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The term is four years with no term limit; compensation is $85,000 plus retirement and health benefits.


Why are you the best candidate for the office?

Tony Mendoza (D): I am the best candidate for District Court Clerk by bringing fresh eyes to the task. I am bi-lingual (Spanish) and I would bring that service dynamic to the office. Accurate reporting of all of the proceedings of the judicial system in Albany County is critical to the work of the Wyoming Supreme Court, so I would work dutifully to insure that information collected by the Clerk's office includes complete reporting of every incident.

Janice Sexton (R): I was hired as a Deputy Clerk in 1993; in 2002 I was elected as the Clerk of District Court. With over 20 years in the office I have total knowledge of the duties and responsibility needed for the job. I am a past Association President, active member of WACO and for the past five years and currently, I am a member of the design team for the new case management computer system, WYUSER.


Do you recommend any improvements to the system of obtaining a jury pool for District Court trials?

Tony Mendoza (D): A jury pool for trials in the District Court could be identified using the voter registration record, or those persons who have a valid driver's license. I would collaborate with the County Clerk's Office to explore other feasible options for obtaining a jury pool for the District Court.

Janice Sexton (R): The most needed change was made by the Supreme Court about a year ago. The random list of names from voter registration/driver’s licenses received from the Secretary of State will NEVER again give an individual’s name to more than one local court in the same year. This list is now requested annually instead of every six months. Once an individual has served on a jury, they are exempt for the remainder of that year.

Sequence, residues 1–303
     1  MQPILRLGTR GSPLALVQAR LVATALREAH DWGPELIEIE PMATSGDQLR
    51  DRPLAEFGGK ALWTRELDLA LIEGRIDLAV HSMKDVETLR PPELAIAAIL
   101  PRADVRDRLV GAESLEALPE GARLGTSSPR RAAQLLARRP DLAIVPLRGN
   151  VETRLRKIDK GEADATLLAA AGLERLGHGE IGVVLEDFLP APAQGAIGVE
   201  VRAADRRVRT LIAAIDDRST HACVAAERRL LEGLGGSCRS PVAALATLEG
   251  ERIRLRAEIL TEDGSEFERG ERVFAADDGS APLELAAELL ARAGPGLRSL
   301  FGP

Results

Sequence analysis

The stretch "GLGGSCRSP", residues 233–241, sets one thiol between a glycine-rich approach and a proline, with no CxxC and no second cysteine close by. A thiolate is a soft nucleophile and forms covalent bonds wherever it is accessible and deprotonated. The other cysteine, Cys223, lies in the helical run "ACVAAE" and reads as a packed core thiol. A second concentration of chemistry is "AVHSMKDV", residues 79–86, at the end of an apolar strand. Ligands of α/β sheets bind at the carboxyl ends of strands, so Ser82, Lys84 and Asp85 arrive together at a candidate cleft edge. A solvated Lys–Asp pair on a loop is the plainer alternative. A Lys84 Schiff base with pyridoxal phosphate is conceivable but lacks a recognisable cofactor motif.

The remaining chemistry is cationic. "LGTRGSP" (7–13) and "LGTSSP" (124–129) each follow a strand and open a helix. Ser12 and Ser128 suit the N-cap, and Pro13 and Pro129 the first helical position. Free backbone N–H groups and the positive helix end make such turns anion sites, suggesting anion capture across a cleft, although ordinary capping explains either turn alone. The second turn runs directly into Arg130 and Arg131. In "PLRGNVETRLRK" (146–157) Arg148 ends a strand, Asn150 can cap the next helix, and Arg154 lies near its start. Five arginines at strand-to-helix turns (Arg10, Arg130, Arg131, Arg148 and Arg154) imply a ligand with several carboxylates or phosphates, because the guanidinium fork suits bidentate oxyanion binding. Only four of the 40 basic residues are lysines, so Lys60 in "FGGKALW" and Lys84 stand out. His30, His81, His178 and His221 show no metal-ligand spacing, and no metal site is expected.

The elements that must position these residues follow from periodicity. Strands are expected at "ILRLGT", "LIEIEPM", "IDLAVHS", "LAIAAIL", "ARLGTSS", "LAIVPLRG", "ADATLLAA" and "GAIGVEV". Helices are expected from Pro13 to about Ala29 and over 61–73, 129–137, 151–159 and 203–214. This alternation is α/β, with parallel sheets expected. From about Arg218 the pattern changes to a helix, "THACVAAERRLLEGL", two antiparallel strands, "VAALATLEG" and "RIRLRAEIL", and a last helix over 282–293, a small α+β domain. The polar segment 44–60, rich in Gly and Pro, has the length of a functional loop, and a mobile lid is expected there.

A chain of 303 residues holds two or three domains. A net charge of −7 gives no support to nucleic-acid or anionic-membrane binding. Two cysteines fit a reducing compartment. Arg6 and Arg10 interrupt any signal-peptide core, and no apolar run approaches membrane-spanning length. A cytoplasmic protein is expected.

All Wyoming District Courts are implementing a new computerized case management system. How will this impact the Albany County Court and the county's residents?

Tony Mendoza (D): The twenty-three counties in Wyoming are working to computerize the record keeping system for case management in Wyoming. My information is that this new computer system has been in place for two years. It is not always a simple effort to bring different county governments together to gather and report case management proceedings, but it critically essential to the effective workings of our Supreme Court system.

Janice Sexton (R): WYUSER is already in use in all 23 counties. We now scan ALL pleadings. The future will be beneficial in the way of Public access (available now in the office) from any internet capable computer, electronic filing and statewide access of information for District Judges and law enforcement. I have been and continue to be part of the design team for this system; Albany County was a pilot court when going “live” in 2012.